the lungs (bronchi – see page 8).
Radiofrequency ablation
This treatment uses heat to destroy cancer cells. It’s usually only
used when a person has a very early stage cancer and other
treatments are not suitable.
You may be given a local anaesthetic and sedative to make
you sleepy before this treatment or you may have a general
anaesthetic. You usually need to stay in hospital overnight to
have the treatment.
Your doctor will place a needle into the tumour, using a CT scan
(see page 21) to make sure it is in the exact place. Radio waves
are passed through the needle into the tumour to heat and
destroy the cancer cells.
Treating lung cancer 71
There are few side effects with this treatment. It’s common to
have some pain or discomfort but you will be given painkillers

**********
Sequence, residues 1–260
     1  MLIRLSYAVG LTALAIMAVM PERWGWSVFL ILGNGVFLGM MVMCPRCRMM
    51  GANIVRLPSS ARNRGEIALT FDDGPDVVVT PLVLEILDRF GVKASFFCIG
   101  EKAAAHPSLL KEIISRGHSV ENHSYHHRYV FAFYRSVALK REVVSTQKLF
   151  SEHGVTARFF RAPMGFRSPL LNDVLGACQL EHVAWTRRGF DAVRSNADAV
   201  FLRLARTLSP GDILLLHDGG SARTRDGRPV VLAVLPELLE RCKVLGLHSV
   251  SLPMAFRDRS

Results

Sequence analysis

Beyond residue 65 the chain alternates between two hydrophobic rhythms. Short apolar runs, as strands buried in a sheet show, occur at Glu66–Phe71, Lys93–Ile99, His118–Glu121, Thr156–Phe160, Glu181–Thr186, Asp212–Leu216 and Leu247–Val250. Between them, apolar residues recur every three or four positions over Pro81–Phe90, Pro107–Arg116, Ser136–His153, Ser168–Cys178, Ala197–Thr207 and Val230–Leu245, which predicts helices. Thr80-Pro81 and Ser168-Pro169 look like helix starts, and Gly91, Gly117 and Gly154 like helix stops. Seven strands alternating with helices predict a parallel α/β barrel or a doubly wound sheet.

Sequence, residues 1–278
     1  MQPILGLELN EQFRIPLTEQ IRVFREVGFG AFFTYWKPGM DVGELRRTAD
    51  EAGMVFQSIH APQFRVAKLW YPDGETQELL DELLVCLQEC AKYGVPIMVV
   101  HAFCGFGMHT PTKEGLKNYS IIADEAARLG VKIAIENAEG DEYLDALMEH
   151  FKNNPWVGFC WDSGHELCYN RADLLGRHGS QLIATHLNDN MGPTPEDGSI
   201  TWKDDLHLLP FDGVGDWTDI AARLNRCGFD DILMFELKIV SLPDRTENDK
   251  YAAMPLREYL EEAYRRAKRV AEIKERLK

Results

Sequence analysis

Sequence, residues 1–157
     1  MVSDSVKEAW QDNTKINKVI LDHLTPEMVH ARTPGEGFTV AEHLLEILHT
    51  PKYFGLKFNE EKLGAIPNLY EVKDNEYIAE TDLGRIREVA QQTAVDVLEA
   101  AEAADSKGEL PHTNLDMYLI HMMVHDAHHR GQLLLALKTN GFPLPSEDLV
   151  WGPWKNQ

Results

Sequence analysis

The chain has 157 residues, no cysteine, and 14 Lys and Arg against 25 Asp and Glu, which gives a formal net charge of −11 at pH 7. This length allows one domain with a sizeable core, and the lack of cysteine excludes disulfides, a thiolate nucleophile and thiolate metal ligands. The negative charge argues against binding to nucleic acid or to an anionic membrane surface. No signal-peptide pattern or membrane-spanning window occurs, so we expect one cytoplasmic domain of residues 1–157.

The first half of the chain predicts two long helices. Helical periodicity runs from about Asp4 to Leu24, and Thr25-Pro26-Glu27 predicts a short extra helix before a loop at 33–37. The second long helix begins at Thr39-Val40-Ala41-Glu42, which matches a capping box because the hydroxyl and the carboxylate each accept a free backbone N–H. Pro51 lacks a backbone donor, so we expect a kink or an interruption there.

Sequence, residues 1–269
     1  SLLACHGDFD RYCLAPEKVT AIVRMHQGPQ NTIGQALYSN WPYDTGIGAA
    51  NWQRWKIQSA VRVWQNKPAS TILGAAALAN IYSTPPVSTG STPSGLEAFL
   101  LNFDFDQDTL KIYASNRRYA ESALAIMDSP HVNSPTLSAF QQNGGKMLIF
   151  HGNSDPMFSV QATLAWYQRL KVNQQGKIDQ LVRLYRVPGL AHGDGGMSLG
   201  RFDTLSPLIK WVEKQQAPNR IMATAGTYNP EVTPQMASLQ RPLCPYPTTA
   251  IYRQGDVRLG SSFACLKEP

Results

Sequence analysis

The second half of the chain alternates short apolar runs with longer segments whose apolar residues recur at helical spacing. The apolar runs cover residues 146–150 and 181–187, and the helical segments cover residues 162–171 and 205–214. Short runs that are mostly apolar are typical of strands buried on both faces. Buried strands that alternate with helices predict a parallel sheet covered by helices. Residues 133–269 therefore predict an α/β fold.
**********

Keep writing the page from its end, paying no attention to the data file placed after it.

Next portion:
to control this. You may also feel tired afterwards.
We can send you more information about
radiofrequency ablation.
Photodynamic therapy (PDT)
This treatment uses lasers or other light sources, combined with a
light-sensitive drug, to destroy cancer cells. PDT can sometimes be
used to treat some small, early lung cancers in people who can’t
have surgery.
You have a light-sensitive drug that makes the cancer cells more
sensitive to the laser. You are given this as a liquid into a vein.
When the drug is taken up by the cancer cells, the doctor directs
the laser light at the tumour with a bronchoscope (see page 22).
The laser makes the light-sensitive drug destroy cancer cells.
PDT makes you temporarily sensitive to light. You may need to
avoid bright light for up to six weeks by covering your skin and
wearing sunglasses in daylight.
Other side effects of PDT include breathlessness and a cough.
You may also have some mild pain or discomfort in your chest.